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Parents, Student Sue District Over Prayers at School Events

A question regarding whether or not prayer is appropriate in public schools has led to a lawsuit in Indiana. Jim and Nicole Bellar, along with their son who is identified as J.B., filed the lawsuit in the U.S. District Court in Hammond. The complaint alleges that the school violates the First Amendment rights of J.B. and other students by praying before various events.

team%20huddle.pray%2011360771-001.jpgJ.B. is a sophomore at River Forest Jr./Sr. High School in Hammond. The school is administrated by the River Forest Community School Corp., and prayers are allegedly a regular practice at school events. The Bellars say that J.B. has been forced to pray before participating in various sporting events. Prayers were also conducted at the graduation ceremony where J.B.’s older sister was graduated last year. The Bellars regularly attend the school district’s board meetings, and prayers are said before each session.

According to the Bellars the prayers all invoke God or Jesus Christ and are decisively Christian in nature. J.B. complained to his football coach about being asked to pray before games. The student was told to simply stay quiet during the prayers and was also instructed that he had to remained huddled with his teammates.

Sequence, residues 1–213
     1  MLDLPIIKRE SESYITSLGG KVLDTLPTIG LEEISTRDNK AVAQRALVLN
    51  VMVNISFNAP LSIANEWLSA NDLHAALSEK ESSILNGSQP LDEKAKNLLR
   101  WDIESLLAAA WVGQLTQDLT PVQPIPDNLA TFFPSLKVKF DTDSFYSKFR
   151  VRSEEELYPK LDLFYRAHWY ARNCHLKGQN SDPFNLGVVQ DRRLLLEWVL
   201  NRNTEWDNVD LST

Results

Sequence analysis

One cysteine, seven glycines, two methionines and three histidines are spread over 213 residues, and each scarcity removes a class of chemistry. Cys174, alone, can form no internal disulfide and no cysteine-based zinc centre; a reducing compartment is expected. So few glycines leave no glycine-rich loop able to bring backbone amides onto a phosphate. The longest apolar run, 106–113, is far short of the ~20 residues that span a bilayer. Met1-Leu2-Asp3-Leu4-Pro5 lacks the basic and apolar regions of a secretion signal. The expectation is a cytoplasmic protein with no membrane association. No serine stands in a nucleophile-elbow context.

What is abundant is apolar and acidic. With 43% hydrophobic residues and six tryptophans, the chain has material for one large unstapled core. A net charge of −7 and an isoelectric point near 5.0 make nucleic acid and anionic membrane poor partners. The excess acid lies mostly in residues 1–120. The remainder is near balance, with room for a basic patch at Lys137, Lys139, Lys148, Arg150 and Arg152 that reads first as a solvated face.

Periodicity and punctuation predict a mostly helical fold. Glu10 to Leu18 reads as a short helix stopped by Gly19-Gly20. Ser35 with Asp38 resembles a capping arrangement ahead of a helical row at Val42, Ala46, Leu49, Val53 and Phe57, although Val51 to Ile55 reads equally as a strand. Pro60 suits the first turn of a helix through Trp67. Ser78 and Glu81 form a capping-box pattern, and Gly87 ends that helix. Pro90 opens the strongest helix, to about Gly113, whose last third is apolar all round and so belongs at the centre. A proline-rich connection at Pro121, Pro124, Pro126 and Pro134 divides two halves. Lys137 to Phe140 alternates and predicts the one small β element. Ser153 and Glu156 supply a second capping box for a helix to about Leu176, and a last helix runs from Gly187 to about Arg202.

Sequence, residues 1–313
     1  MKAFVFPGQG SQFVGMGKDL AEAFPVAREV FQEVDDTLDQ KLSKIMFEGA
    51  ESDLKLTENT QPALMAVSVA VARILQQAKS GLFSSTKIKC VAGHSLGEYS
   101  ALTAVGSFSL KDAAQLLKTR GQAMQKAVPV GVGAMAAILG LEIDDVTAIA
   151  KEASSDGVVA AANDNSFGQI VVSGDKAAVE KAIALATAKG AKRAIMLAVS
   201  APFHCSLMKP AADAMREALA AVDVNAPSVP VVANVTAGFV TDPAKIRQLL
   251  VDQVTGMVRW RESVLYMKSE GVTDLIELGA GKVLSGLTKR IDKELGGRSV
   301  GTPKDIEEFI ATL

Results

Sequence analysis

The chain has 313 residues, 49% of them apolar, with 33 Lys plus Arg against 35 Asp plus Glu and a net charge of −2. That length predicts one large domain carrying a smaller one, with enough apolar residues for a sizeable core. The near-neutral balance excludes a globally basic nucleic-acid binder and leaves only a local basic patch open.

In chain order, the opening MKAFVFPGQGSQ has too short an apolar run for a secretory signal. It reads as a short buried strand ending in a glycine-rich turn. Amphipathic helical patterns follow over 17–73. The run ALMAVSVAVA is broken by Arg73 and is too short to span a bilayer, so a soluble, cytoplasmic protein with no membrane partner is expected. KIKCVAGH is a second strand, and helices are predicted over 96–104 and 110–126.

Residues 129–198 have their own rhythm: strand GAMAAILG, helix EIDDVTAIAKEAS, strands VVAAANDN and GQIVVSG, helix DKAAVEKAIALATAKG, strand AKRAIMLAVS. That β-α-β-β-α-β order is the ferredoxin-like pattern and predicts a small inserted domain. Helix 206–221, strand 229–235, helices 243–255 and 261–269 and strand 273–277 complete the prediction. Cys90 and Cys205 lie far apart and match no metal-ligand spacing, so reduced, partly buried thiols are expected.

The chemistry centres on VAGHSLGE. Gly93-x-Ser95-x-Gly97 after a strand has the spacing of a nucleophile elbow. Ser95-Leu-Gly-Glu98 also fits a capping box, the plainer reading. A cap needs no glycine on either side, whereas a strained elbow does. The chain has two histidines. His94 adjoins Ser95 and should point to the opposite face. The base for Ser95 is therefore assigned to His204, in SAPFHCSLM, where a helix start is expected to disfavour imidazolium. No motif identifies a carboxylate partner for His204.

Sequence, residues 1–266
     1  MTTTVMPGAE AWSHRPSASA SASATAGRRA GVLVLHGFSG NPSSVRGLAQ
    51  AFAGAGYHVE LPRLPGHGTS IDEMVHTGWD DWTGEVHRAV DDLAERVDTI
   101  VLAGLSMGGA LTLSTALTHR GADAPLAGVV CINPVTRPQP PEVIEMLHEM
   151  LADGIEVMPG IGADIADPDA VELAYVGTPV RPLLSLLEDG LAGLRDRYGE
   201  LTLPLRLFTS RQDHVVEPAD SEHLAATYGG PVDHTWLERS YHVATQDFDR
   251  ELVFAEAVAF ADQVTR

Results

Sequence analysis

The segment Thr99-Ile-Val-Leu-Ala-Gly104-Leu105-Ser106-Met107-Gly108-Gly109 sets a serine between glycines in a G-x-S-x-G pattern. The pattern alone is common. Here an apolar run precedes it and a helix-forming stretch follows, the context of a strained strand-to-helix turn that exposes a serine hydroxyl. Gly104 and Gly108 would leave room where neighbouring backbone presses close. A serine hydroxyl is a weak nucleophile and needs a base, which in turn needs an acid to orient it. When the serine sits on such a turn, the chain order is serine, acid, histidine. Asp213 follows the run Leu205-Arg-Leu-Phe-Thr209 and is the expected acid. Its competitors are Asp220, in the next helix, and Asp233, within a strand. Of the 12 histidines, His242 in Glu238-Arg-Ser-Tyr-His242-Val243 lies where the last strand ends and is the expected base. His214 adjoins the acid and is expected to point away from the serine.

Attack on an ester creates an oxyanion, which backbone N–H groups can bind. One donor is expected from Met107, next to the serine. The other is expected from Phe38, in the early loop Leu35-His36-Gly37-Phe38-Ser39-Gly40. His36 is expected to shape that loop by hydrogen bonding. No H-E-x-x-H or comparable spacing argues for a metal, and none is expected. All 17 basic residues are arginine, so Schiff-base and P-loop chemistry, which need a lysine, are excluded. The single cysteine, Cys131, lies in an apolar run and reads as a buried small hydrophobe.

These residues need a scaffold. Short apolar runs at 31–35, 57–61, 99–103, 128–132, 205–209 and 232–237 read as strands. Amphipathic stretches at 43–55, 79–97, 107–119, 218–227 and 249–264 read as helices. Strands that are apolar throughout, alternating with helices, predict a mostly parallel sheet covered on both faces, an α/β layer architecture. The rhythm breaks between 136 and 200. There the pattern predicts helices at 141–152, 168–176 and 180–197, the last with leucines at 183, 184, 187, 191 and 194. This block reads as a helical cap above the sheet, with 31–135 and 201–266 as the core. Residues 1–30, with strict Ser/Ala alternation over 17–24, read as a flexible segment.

When that protest fell on deaf ears, J.B. and his father went to the district’s athletics director. Eventually they took their complaint to the principal and district leaders, all to no avail. At one point J.B. was told by administrators that he should improve his cooperation with the requests of his coaches.

The Indiana ACLU stepped in to assist the Bellar’s quest. While administrators turned a blind eye to the requests of the Bellar family to discontinue the prayers, it is unlikely that they can similarly ignore a lawsuit in the U.S. District Court.

If the Bellars prevail with the lawsuit, then the school district will be forced to give up its practice of holding prayers before events. They may also be asked to pay nominal damages and compensatory damages to the plaintiffs. As ACLU attorney Gavin Rose says, the prayers “represent a serious and flagrant affront to the First Amendment.”